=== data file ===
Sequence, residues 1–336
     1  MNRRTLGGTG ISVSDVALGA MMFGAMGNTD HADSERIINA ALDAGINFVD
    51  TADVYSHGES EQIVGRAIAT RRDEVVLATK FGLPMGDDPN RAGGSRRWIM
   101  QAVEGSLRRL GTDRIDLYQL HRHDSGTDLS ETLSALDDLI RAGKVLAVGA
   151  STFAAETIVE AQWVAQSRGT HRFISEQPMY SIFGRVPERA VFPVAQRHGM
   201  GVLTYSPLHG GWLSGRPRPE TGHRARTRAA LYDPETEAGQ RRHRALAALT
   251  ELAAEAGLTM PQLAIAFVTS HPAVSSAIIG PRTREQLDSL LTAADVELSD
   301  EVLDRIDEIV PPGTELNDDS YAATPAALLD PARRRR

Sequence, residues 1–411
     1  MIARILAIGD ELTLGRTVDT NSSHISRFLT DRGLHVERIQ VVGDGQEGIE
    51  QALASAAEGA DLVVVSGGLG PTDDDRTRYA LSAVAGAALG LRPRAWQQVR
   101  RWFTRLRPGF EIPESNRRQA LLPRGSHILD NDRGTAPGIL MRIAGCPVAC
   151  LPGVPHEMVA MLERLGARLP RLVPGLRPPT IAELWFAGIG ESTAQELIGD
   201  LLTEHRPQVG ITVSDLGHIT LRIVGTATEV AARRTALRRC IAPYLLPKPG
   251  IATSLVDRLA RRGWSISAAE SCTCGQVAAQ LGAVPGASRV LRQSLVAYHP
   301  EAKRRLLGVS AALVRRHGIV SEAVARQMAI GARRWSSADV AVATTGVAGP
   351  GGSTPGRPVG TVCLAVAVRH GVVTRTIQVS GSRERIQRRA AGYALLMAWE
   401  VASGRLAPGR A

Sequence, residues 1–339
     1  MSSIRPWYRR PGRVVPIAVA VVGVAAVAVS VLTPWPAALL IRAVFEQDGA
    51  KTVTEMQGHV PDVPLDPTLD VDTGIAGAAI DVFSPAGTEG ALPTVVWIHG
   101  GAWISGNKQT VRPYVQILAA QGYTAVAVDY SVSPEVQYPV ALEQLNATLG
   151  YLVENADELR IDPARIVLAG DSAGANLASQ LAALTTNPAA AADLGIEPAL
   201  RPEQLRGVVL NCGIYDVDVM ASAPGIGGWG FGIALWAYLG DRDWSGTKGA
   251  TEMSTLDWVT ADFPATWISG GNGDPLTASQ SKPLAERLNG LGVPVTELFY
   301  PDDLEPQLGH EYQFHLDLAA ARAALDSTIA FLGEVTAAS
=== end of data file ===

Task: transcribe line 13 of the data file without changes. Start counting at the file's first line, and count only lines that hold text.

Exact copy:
   151  LPGVPHEMVA MLERLGARLP RLVPGLRPPT IAELWFAGIG ESTAQELIGD